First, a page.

May 20, 2004


Age-based bias complaints on the rise

By Shawn Zeller

For the first time in more than 20 years, the number of age-bias complaints filed by federal employees exceeded the number filed by employees who said they were discriminated against because they were black, according to the Equal Employment Opportunity Commission.

On Thursday, EEOC released its 2003 annual report. Employees claiming they were the victims of reprisal for registering a discrimination complaint still topped the list, accounting for 10,269 complaints or 19 percent of the total. The number of times employees alleged discrimination based on age rose from 6,584 in 2002 to 7,047 in 2003.

Black employees alleging discrimination based on race dropped from 7,095 in 2002 to 6,600 in 2003. Employees are allowed to cite more than one basis for complaints.

One factor in the shift, according to an EEOC spokesman, is the aging of the federal workforce. The average worker is now 45.6 years old, more than 3.5 years older than the average 15 years ago. The average age at the Housing and Urban Development Department, exceeds 50, while employees of the Energy and Education departments are approaching an average age of 50.

Another factor may be the number of times that employees charged they were discriminated against based on color, without specifying their race, the report showed. That number more than doubled in the last year, from 879 to 2,108.

Overall, the report showed an 8 percent drop in the number of discrimination complaints filed by federal workers, from 21,945 in 2002 to 20,226 in 2003. But in a statement marking the report's release, EEOC Chairwoman Cari M. Dominguez said there was more cause for concern than celebration. "The processing of EEO complaints continues to be plagued with delays governmentwide," she said. "Case-processing statistics are going in the wrong direction."

The EEOC's multistage process always has taken a long time. Employees first report discrimination complaints to an EEO counselor at their agency. The agency can then try to mediate the dispute. The agency then must investigate the complaint and prepare a report. The employee has the option of asking the agency for a final decision or asking for a hearing before an EEOC administrative judge. In either case, the employee can appeal the decision to the EEOC's Office of Federal Operations.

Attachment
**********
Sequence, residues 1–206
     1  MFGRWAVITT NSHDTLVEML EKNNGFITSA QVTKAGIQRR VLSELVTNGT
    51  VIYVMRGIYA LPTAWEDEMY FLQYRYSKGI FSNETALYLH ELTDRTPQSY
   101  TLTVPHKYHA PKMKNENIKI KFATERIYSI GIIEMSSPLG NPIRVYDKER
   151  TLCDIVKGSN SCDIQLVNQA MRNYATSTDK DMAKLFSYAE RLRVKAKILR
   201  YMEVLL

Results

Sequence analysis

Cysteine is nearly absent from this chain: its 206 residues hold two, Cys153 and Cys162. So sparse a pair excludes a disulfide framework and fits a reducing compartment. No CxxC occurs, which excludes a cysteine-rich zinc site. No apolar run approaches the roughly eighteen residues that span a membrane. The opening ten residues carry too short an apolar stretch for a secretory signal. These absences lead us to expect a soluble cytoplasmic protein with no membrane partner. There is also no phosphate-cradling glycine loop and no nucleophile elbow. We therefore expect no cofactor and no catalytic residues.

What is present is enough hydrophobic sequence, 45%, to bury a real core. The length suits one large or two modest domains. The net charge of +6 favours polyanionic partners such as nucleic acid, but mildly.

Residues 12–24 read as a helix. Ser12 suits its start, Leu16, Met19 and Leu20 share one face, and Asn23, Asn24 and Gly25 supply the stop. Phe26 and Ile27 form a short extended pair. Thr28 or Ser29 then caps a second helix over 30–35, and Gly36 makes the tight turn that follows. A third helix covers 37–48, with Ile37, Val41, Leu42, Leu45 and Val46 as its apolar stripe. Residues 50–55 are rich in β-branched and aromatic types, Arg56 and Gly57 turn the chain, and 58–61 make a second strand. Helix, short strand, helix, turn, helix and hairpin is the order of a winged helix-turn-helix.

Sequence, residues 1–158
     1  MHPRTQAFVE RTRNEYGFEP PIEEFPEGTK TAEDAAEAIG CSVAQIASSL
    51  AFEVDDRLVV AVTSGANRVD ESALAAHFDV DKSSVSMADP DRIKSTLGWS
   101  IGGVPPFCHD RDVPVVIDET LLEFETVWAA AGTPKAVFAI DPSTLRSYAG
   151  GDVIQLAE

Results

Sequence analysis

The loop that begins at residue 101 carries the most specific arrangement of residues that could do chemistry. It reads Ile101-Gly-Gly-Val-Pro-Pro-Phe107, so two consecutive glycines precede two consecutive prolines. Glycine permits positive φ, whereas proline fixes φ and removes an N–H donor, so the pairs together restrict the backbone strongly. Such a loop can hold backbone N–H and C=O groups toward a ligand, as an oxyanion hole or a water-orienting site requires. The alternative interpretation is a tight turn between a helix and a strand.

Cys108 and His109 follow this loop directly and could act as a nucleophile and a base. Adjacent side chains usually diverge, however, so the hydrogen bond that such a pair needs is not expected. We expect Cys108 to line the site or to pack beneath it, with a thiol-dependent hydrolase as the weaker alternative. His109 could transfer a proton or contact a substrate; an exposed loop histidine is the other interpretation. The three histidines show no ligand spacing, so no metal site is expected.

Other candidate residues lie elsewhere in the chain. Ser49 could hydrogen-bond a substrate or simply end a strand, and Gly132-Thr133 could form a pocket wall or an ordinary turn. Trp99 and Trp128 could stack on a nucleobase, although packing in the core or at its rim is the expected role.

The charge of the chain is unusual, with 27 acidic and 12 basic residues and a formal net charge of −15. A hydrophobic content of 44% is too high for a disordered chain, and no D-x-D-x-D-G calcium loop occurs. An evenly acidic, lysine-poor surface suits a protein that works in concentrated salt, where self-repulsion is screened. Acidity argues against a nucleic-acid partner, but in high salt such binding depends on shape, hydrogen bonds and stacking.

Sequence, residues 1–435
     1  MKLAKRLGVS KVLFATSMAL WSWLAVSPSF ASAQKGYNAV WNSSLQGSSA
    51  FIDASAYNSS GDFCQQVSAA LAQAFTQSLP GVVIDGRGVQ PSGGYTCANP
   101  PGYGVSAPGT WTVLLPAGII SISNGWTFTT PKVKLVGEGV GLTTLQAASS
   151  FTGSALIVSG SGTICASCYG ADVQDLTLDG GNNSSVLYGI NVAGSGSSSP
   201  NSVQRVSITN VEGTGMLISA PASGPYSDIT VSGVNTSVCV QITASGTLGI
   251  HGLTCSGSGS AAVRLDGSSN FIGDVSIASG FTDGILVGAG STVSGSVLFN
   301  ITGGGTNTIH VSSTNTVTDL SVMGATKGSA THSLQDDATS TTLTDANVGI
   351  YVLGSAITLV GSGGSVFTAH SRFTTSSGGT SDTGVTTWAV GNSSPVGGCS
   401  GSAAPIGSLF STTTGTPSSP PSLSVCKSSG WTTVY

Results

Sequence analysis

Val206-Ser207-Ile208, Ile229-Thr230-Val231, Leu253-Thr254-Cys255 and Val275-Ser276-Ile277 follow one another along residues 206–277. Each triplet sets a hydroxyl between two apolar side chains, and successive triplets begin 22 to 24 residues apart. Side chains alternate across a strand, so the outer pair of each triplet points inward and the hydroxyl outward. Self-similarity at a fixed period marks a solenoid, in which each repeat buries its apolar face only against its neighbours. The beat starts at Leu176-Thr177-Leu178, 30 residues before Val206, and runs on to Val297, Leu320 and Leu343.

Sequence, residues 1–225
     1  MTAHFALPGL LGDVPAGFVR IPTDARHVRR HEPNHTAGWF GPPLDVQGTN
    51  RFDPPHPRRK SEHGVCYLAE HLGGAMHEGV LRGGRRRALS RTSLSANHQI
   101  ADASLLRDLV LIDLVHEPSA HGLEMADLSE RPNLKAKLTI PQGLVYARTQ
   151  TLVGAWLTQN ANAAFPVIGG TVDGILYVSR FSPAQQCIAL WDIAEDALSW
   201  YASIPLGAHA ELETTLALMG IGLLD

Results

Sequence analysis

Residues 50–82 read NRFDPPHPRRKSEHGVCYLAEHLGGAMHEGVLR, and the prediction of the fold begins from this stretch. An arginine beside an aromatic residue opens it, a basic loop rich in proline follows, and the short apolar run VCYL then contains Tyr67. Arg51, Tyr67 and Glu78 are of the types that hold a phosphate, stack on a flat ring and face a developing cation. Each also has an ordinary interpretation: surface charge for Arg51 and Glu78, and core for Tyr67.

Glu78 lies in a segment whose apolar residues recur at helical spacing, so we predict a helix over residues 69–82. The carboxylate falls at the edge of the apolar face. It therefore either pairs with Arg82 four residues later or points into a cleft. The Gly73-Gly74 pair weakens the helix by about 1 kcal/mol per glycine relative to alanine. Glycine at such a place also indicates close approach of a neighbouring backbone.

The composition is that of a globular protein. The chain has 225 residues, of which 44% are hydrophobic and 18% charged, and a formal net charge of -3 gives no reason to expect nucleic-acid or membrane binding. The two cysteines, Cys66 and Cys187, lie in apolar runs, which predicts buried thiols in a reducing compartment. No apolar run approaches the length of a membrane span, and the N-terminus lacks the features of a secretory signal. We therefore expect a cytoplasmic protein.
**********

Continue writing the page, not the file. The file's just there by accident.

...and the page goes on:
In 2003, only the appeals process showed a significant increase in timeliness. Appeals averaged 285 days last year, while they averaged 467 days in 2002. In every other category, the process either took about the same amount of time or longer. Agency investigations averaged 267 days, and EEOC hearings 421 days, about the same as they did in 2002. Agency final decisions took 541 days in 2003, more than 100 days longer than they took in 2002.

For the first time, the annual report shed light on good agency performers. It mentioned the Tennessee Valley Authority, which took only 108 days on average to complete investigations; the State Department, which averaged 211 days for final decisions; and the U.S. Postal Service, for convincing 76 percent of employees to participate in an alternative dispute resolution program.

Dominguez also alluded to a controversial, proposed EEOC initiative to reduce processing times by funneling hearing requests through EEOC managers before they ever reach an administrative judge. Under the proposal, EEOC Washington field office managers would review hearing requests and recommend that they be dismissed, be granted summary judgment, or be passed on to a judge for hearing. The administrative judges would retain the right to overrule the managers' recommendations.

Last week, the American Federation of Government Employees announced that it was launching a campaign with the NAACP federal task force and the Leadership Conference on Civil Rights to prevent the initiative from moving forward. Andrea Brooks, vice president of AFGE's women's and fair practices division, said that the union was considering filing an unfair labor practices complaint with the Federal Labor Relations Authority, while also suing the EEOC in federal court on behalf of employees denied a hearing.

She said that the proposed initiative marks a substantial change in working conditions and therefore should be bargained with the union. The union opposes the initiative, arguing that it would reduce the authority of EEOC judges and would deny federal employees their right to a hearing before an impartial arbiter.